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Wednesday, November 4, 2009

Mortgage rates start to climb

PETALING JAYA: New home buyers are expected to make higher payments for their loans with some banks increasing their mortgage rates early this month.

A check on the websites of some banks and information collected from customer service consultants at various banks showed lenders like Maybank, Public Bank, Standard Chartered Bank, Alliance Bank and EON Bank had revised upward their mortgage rates.

Some have even scrapped the moving-cost element – legal fees, stamp duties and other disbursement fees for loan documentation by the banks – from their home-loan offerings. It is learnt that existing home loans would still be maintained at previous rates depending on the terms and conditions of the contract.

Some analysts contacted by StarBiz were caught offguard and were not even aware of the new rates.

Others attributed the move to the current thin margins of banks owing to the low base lending rates (BLR) now.

Malaysian Rating Corp Bhd vice-president and head of financial institution ratings, Anandakumar Jegarasasingam, told StarBiz that one possible reason for the revised rates by the banks was to boost profitability.

“Loan growth for the commercial banking sector has been subdue during the first nine months at an annualised rate of 6.9%, compared to the growth rate of 13.4% in 2008.

“However, deposits have been growing at a faster annualised rate of 20.5% during the same period. This invariably exerts pressure on the banks’ interest margins and eventually profitability,” he said.

A banking analyst with a local research house concurred that the reason banks were increasing mortgage rates was due to thin margins.

“With the price war for mortgage products, it was taking the banks at least three years to break even. That’s why they have the five-year lock-in period in order to reap some profit,” she said.

Malayan Banking Bhd president and chief executive officer Datuk Seri Abdul Wahid Omar said the bank had already revised its mortgage loan because he said the current rate of mortgage loan in the country was too low.

“We are revising our mortgage rates accordingly. If we increase the rate, we may reduce the rates for other loans such as SME loans,” he said yesterday after the 6th Annual Kuala Lumpur Islamic Finance Forum.

He said Malaysia currently had one of the lowest rates in and around the region.

“We can’t speak for other banks but from our own perspective, there was a time when we were looking at BLR minus 2.2%. We adjust based on competition.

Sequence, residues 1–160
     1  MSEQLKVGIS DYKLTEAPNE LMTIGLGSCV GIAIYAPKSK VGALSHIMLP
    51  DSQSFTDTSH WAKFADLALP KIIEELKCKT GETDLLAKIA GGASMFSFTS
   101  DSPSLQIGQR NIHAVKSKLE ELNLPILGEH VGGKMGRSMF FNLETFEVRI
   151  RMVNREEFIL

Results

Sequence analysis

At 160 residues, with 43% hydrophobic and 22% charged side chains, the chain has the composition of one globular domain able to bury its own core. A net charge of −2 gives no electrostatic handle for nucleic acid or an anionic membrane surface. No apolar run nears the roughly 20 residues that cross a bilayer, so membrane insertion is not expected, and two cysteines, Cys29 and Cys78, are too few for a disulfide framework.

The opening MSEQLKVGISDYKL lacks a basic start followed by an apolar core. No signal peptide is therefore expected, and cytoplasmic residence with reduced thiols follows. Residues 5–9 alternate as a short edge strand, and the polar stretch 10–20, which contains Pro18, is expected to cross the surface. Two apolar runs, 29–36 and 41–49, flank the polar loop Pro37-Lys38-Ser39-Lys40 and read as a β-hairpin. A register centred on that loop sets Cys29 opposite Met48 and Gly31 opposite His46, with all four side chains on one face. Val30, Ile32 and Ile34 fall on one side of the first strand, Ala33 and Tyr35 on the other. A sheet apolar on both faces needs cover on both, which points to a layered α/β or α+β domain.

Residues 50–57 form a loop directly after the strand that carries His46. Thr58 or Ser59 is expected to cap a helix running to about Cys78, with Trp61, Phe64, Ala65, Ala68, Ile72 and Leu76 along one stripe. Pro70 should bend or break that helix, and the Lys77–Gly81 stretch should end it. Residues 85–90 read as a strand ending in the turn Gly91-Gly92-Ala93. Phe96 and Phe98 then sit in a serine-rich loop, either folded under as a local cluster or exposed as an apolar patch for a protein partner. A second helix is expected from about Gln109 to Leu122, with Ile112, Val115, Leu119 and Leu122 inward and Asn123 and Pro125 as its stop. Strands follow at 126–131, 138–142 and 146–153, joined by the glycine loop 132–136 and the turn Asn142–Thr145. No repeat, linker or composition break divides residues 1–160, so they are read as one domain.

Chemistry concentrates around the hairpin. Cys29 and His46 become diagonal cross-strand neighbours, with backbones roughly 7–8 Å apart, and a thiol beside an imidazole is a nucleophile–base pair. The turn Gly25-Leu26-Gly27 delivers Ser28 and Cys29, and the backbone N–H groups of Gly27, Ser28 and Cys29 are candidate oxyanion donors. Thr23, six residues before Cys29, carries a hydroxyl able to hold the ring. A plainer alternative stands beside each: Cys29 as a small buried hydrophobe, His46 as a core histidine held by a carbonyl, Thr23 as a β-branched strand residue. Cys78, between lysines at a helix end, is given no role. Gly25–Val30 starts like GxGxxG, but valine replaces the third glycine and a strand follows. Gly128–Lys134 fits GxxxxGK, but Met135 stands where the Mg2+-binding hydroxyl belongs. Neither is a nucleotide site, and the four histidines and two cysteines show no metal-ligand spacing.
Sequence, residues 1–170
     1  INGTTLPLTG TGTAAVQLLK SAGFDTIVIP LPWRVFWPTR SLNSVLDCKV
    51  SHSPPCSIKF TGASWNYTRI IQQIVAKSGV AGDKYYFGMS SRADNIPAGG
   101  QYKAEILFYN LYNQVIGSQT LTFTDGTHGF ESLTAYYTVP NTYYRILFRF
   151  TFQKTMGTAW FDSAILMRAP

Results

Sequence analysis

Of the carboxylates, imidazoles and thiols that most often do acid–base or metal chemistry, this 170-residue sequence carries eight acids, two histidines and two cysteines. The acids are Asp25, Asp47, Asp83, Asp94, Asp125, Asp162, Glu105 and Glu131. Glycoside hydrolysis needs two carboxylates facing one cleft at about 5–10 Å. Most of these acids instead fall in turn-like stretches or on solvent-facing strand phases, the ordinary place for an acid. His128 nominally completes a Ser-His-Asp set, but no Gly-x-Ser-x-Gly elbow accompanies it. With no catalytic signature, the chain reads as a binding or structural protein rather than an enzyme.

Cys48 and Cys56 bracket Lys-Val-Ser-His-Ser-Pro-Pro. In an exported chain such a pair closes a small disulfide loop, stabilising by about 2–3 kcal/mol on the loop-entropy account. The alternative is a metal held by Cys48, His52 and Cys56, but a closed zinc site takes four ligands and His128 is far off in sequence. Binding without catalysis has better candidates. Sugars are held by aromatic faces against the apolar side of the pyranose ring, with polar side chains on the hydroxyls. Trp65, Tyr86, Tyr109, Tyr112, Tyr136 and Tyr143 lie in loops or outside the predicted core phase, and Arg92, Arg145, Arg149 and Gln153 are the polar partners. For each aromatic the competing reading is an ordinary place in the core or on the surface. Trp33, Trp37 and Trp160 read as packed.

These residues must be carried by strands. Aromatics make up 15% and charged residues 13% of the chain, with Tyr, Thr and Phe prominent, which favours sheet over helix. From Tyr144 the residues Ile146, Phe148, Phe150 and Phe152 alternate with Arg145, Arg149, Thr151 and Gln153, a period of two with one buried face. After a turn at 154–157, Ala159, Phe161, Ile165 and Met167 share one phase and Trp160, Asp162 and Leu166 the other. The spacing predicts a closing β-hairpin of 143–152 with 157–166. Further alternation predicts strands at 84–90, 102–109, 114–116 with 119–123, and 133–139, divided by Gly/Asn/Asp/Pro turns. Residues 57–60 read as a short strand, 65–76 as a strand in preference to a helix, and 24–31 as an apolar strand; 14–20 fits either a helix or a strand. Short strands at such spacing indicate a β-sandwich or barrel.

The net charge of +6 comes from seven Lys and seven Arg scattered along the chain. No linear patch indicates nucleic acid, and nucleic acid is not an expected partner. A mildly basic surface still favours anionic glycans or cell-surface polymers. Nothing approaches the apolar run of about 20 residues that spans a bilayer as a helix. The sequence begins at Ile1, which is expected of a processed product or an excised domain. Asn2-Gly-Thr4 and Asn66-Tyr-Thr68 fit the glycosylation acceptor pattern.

“If we are able to get sufficient number of mortgages at a slightly higher pricing, obviously that’s something which we would look at,” Wahid said.

In the current financial year, Maybank recorded a 7% growth in mortgage loans.

EON Bank Bhd group chief executive officer Michael Lor also said that housing loan rates “have started to creep up slightly and this was unavoidable.”

He said as banks began to move into risk-based pricing as well as the implementation of the FRS 139 framework, they would begin to measure the risk and funding cost of their products.

“Banks are becoming more cautious about how they fund their housing loans and the potential risk-reward returns,” Lor said.

The above banks have revised their rates to BLR minus 1.8% from BLR minus 2%–2.3%.

A mortgage consultant at Standard Chartered Bank Malaysia said the bank revised the rates early this month and expected others to do so in the coming weeks. Existing home-loan customers, the consultant said, would still enjoy the old rates subject to their contracts.

According to one of the mortgage consultants at Alliance Bank, the rates had been revised (BLR minus 1.8%) effective Monday.

TA Research economist Patricia Oh views the rise in mortgage rates to the expected increase in the overnight policy rate (OPR) by the second quarter of next year.

She said the export market had shown signs of an uptick although the current economic figures were still at contraction levels.

Oh added that the increased rates would be detrimental to the housing industry as it would discourage customers from owning homes.

MARC’s Anandakumar said the move to raise rates was not without its risks as a “significant re-pricing” may eventually increase mortgage defaults and discourage potential loan applicants.

Unless the banks tread the line carefully, this strategy could possibly backfire as well, he noted.

Meanwhile, HSBC Bank Malaysia Bhd said it was not aware of a potential increase in the average lending rate.

“I’m not aware of that,” deputy chairman and chief executive officer Irene Dorner said at a press conference before a seminar on Budget 2010 organised by the Malaysian International Chamber of Commerce and Industry yesterday.

Dorner declined to comment further, saying only that the bank’s non-performing loan (NPL) rate was at a manageable state.

“We’ve been very pleasantly surprised with our NPL rate which has held very steady and our growth rate has been respectable given what’s been happening in the economy,” she said.

A spokesperson for another foreign bank said its mortgage rates remained unchanged. “Our customers have been calling us up to see if there have been changes in the rates and we have advised them that there is none at the moment.

“It’s business as usual; we just need to wait and see at this point,’’ the spokesperson added.

By The Star (by Daljit Dhesi and Laalitha Hunt)

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